The Blue Bell ice cream plant associated with the highly publicized Kansas Listeria outbreak exhibited multiple food safety flaws noted by a group of 11 FDA inspectors who visited the facility during the last half of April. According to the report of inspectional observations by the group, the Blue Bell plant continued to manufacture ice cream products for several days after the company’s own sampling found Listeria monocytogenes around a drain that was not in direct contact with food. And by then, the Texas Department of State Health Services had notified Blue Bell that Listeria monocytogenes had been found in products from the plant. The company itself confirmed Listeria findings in its Great Divide Bar and Chocolate Chip Country Cookie, the report said.
One of the observations made by the FDA inspection team at the Brenham, Texas, facility was “failure to manufacture foods under conditions and controls necessary to minimize the potential for growth of microorganisms.” Another observation was “failure to clean food contact surfaces as frequently as necessary to protect against contamination of food.” The specific finding in that regard was that hoppers in the blending room “were not kept clean” and the underside of hopper lids were caked with emulsifiers and stabilizers. The May 1 report, which included a few other food safety shortcomings, was one of three inspection reports recently published by the FDA after field staff visited Blue Bell ice cream plants in Brenham, Texas; Broken Arrow, Oklahoma; and Sylacauga, Alabama.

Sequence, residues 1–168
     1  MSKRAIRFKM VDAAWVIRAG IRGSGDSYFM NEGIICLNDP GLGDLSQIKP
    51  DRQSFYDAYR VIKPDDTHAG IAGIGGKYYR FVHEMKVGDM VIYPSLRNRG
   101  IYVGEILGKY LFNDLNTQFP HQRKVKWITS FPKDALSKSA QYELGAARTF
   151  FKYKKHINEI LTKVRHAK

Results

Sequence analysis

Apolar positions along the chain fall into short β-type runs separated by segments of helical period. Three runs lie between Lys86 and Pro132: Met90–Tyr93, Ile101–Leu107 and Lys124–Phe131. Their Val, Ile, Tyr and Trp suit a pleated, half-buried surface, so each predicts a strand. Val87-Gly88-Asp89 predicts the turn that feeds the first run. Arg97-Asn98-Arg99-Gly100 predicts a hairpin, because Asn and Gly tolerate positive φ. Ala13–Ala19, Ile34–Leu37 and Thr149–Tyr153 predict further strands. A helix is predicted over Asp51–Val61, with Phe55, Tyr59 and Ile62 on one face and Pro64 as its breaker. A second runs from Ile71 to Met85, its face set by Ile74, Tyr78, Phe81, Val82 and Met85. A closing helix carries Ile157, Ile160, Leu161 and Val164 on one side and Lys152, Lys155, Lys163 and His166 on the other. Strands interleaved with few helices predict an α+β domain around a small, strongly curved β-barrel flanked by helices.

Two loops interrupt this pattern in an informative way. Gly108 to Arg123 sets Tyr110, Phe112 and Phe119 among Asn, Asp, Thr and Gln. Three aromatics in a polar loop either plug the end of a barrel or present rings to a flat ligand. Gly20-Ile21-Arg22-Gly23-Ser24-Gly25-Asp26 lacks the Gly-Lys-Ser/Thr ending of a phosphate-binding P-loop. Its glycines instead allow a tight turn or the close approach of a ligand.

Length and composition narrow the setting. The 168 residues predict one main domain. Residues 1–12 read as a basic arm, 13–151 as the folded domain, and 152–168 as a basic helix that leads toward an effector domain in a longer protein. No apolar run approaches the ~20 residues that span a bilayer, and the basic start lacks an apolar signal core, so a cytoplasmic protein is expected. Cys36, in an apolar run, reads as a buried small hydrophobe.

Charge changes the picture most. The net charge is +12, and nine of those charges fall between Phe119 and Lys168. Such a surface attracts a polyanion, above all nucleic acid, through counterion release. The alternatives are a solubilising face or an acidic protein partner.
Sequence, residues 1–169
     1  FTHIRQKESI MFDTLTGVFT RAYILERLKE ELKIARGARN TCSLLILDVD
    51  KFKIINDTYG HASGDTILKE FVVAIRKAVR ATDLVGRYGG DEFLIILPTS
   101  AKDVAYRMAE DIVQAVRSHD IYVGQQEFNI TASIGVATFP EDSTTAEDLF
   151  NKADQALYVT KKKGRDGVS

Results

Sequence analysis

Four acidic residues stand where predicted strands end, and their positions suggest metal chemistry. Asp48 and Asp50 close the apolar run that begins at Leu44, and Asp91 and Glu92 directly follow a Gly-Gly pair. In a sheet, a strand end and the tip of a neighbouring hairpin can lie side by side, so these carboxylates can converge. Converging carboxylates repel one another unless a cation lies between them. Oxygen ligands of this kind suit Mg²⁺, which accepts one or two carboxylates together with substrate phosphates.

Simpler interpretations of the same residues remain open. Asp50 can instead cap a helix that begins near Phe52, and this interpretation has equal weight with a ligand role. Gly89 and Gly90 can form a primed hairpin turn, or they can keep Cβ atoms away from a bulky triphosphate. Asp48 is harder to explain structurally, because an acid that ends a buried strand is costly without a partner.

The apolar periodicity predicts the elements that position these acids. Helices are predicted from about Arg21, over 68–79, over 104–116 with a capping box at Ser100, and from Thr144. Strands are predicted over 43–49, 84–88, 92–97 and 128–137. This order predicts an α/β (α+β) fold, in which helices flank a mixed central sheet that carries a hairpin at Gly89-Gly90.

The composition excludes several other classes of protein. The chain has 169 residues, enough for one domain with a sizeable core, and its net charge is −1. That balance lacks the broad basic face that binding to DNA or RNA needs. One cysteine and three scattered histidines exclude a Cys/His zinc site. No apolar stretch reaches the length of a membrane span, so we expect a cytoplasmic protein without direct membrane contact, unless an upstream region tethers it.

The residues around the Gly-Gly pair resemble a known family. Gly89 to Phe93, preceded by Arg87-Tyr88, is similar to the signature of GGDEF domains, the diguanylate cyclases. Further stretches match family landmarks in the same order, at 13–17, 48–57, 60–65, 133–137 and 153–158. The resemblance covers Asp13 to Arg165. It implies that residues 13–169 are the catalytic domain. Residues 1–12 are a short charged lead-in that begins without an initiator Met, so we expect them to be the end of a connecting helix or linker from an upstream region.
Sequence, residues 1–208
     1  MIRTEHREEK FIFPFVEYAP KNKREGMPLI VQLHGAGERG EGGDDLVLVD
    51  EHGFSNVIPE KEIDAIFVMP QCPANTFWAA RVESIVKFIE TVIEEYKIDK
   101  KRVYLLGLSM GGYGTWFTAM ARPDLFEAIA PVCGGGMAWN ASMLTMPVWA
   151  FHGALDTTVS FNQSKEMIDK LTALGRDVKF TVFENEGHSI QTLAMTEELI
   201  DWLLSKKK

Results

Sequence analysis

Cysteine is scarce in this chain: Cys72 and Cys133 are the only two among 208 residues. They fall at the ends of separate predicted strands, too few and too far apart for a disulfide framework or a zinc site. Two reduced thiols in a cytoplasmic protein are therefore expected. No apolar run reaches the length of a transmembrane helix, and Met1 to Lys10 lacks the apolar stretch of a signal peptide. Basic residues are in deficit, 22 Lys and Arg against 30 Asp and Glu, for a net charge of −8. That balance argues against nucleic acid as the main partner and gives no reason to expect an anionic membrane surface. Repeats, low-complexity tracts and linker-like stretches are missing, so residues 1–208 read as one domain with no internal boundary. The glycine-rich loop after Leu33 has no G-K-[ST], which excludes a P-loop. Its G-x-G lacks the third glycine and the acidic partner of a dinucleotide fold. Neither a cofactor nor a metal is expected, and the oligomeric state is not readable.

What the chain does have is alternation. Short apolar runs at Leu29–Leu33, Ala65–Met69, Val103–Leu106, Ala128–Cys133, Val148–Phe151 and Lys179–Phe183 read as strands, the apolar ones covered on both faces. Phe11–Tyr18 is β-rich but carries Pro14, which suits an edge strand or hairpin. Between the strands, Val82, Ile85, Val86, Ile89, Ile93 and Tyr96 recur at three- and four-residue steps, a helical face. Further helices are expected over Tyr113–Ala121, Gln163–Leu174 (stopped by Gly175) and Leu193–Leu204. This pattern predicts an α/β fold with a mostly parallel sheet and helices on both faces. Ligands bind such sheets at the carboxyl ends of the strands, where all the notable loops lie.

Ice cream from the Texas plant has been linked to last year’s listeriosis outbreak among patients at a Via Christi hospital in Wichita, Kansas. Three of the five outbreak victims died after becoming infected. State and federal health authorities have since determined that five other Listeria illnesses — three in Texas, one in Arizona and another in Oklahoma are linked to ice cream from Blue Bell’s Oklahoma plant. The illnesses happened months and years apart from each other in many cases, but modern molecular subtyping has allowed disease investigators to connect the cases into a single outbreak.